Kacie Barnes (Galbraith)
Last week, a committee of the Missouri Tax Credit Review Commission reviewed the Historic Preservation Tax Credit and the Low Income Housing  Tax Credit. If your eyes have not totally glazed over after that sentence, I thank you for your dedication.

The commission agreed on reducing historic tax credit spending. Unfortunately, the power to make changes does not lay with the commission members. And, to twist the knife a little more, the suggested cut is not really much of a cut.

Policy Analyst Patrick Ishmael wrote about the revival of the Tax Credit Review Commission and questioned how it will be different this time. It is great for policymakers to suggest that the state reduce or eliminate failing credits, but after the 2010 review, there was no reform. Why should we believe that recommendations will be acted upon this time?

To be honest, tax credits make me feel like Homer Simpson when he cried that he is a rageaholic (cannot live without ‘rageahol’). We need major reform here. But if the historic credit reduction is actually enacted, I will take it as a step in the right direction. Currently, there is a $140 million cap on historic credits (with some exceptions for smaller projects). The suggested cap would reduce it to $90 million.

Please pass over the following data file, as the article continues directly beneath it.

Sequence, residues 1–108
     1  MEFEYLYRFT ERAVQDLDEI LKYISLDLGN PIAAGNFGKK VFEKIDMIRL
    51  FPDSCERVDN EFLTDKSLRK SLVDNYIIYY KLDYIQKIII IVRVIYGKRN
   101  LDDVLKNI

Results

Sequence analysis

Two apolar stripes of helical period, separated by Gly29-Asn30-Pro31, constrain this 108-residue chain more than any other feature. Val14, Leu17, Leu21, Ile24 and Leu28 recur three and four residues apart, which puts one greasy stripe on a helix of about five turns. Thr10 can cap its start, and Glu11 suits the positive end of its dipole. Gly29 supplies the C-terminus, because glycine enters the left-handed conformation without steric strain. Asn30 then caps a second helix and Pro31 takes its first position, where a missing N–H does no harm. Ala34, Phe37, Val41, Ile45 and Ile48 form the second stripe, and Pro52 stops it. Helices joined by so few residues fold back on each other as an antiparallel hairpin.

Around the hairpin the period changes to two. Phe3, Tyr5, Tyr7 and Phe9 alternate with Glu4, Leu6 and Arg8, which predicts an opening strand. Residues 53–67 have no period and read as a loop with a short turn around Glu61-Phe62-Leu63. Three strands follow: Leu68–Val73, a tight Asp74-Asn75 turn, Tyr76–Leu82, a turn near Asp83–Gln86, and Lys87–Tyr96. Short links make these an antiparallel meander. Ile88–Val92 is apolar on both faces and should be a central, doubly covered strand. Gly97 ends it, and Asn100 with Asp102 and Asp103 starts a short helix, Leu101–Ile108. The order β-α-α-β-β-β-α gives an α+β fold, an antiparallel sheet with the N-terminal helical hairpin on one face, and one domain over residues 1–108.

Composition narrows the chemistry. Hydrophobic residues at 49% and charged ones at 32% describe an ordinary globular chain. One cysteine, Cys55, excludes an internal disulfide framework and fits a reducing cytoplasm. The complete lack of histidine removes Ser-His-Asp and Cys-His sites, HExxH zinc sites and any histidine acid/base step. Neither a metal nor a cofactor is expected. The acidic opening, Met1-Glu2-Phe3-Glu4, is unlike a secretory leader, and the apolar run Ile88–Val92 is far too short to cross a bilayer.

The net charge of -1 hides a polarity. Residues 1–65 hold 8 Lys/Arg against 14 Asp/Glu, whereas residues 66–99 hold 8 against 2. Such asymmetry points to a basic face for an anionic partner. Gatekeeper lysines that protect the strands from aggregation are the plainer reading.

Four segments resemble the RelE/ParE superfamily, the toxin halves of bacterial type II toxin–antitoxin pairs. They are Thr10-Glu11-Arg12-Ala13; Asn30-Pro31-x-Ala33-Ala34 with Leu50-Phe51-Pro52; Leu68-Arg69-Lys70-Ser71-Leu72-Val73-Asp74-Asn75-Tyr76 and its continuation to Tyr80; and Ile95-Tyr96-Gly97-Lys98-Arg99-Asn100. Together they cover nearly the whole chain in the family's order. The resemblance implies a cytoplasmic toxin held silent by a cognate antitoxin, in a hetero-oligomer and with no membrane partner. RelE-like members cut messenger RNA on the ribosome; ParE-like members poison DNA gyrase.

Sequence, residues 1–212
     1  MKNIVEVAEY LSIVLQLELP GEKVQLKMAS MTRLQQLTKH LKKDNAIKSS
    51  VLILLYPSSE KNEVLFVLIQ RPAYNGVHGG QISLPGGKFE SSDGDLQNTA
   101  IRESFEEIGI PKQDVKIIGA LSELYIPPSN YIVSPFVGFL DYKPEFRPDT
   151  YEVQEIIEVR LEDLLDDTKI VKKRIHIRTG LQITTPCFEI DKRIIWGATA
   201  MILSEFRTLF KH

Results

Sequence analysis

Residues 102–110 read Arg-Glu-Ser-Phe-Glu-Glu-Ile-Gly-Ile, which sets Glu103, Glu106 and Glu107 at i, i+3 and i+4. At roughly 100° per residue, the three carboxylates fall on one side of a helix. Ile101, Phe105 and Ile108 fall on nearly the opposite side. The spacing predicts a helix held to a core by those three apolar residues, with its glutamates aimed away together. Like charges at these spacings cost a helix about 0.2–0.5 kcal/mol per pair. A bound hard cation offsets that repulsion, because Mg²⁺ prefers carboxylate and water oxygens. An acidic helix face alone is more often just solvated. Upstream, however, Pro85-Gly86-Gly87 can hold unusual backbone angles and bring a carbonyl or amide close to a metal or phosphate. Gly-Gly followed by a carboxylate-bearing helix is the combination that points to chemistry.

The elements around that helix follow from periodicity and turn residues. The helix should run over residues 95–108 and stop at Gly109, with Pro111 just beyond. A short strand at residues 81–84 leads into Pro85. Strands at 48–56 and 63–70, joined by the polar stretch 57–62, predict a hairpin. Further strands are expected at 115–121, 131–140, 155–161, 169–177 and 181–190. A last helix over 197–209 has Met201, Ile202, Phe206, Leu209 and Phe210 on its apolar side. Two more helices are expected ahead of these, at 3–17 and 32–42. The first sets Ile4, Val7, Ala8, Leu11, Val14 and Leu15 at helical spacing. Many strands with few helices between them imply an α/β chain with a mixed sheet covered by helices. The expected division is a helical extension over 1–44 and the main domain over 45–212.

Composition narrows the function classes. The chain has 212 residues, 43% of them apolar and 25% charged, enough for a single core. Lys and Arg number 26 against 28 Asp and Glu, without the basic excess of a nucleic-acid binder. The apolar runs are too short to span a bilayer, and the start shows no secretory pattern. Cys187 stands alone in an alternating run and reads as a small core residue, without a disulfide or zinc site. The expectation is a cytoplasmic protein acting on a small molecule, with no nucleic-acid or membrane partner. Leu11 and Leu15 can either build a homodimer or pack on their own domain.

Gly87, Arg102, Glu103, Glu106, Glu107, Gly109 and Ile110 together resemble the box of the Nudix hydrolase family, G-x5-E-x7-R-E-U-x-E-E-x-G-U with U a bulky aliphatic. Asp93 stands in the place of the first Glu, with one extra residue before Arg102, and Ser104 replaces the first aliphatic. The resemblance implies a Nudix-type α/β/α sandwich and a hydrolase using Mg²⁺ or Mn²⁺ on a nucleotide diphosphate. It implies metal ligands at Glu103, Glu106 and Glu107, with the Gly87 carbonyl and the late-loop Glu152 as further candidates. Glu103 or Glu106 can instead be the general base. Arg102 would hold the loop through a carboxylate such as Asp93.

It appears to be a $50 million cut, but like I mentioned before, it is not. Actual issuances have averaged $111 million the past four years, which is admittedly preferable to $140 million. But what is the point of a cap if it does not help limit spending? If the cap is lowered to $90 million now, there would be a real limit imposed for the first time.

Missouri Gov. Jay Nixon claims he is committed to fiscal responsibility and wants to reduce spending on tax credits so we can focus our resources on critical priorities. We need to see real changes that are consistent with this message. There are other solutions that would help the state more effectively than issuing tax credits.

About the Author

Kacie Barnes (Galbraith)